Dollar Store Plans Divide Vermont Residents
Almost two decades after the National Trust for Historic Preservation put the entire state of Vermont on its list of endangered sites, citing big-box store development as a threat to its signature greenness, towns like this one are sizing up a new interloper: the chain dollar store.
While Wal-Mart has managed to open only four stores in Vermont and Target still has none, more than two dozen Dollar General, Dollar Tree and Family Dollar Stores have cropped up around the state. All three companies are thriving in the bad economy — between them, they have more than 20,000 outlets nationwide, selling everything from pet food and laundry soap to jeans, pool toys and school supplies. Their spread through Vermont, with its famously strict land-use laws, has caught chain-store opponents off guard.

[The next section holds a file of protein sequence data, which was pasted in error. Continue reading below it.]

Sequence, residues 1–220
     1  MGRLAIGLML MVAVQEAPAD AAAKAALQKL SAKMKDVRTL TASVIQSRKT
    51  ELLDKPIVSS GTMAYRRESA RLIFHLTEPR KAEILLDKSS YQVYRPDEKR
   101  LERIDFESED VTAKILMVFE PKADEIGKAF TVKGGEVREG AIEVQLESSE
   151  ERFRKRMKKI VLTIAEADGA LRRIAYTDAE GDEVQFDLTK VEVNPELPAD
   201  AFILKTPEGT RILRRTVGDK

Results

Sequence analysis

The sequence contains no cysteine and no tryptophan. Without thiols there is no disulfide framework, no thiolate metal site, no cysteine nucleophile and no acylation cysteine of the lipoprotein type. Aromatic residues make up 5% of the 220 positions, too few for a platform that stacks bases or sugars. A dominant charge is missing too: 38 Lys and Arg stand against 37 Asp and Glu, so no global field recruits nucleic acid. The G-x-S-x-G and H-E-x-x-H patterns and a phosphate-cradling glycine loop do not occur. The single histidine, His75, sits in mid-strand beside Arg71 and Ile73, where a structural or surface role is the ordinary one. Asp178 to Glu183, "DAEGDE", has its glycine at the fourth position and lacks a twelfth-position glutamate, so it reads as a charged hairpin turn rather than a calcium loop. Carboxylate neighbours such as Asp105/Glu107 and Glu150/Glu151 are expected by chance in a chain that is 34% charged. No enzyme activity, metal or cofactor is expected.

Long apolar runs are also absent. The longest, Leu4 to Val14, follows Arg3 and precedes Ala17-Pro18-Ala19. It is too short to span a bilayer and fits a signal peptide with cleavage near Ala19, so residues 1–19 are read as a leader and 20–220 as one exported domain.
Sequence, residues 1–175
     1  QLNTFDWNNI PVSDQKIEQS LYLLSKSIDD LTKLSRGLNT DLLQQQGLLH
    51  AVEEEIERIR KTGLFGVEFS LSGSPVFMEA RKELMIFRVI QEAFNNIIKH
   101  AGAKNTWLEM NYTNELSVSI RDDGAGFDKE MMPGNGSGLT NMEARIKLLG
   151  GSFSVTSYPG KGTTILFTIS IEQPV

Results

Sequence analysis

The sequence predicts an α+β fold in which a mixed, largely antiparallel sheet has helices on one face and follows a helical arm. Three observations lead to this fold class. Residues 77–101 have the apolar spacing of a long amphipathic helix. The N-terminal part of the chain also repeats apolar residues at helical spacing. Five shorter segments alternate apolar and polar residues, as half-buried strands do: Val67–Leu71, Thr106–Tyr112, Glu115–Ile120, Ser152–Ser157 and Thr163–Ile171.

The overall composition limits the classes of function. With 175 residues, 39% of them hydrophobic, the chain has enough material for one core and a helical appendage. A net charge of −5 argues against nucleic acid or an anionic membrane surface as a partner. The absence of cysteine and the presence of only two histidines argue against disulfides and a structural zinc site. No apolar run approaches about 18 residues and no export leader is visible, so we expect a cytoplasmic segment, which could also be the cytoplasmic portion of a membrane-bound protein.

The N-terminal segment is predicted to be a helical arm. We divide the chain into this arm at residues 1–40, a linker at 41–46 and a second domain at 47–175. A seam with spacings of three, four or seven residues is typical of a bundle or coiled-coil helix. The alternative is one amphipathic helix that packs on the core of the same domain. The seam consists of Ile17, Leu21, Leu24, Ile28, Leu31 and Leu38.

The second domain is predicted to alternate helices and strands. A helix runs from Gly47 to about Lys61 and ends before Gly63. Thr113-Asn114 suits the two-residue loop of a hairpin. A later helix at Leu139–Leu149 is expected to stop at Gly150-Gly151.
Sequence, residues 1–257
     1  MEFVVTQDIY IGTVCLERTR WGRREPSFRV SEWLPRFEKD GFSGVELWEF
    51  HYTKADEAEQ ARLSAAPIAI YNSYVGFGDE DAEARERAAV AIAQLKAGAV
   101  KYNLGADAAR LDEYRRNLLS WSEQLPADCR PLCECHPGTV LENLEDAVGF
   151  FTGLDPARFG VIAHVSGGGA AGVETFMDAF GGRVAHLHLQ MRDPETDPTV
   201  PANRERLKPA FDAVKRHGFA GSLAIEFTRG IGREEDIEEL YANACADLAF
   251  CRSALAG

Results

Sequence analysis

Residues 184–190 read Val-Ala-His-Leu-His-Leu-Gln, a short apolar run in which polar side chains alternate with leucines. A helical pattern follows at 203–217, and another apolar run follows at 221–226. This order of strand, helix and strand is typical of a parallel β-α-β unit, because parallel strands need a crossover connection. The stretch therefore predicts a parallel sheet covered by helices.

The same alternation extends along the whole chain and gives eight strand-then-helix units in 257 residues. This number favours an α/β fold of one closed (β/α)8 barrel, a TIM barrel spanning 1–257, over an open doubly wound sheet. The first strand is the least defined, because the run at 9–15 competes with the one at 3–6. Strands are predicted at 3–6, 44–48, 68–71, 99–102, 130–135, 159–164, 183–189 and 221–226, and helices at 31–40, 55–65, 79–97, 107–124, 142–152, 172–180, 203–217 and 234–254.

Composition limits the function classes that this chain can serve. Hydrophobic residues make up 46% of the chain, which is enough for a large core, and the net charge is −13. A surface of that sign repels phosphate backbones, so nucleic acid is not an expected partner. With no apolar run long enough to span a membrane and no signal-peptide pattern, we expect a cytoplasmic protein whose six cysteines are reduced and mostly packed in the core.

Shawn Cunningham, a resident of rural Chester who is fighting Dollar General’s plan to open a store down the street from the town common, said that since dollar stores tend to be much smaller than big-box stores, they are often not precluded by local zoning rules meant to keep sprawl in check.
“It’s not like you’re bringing in a 100,000-square-foot supercenter,” said Mr. Cunningham, who started a group, Smart Growth Chester, to fight the Dollar General proposal.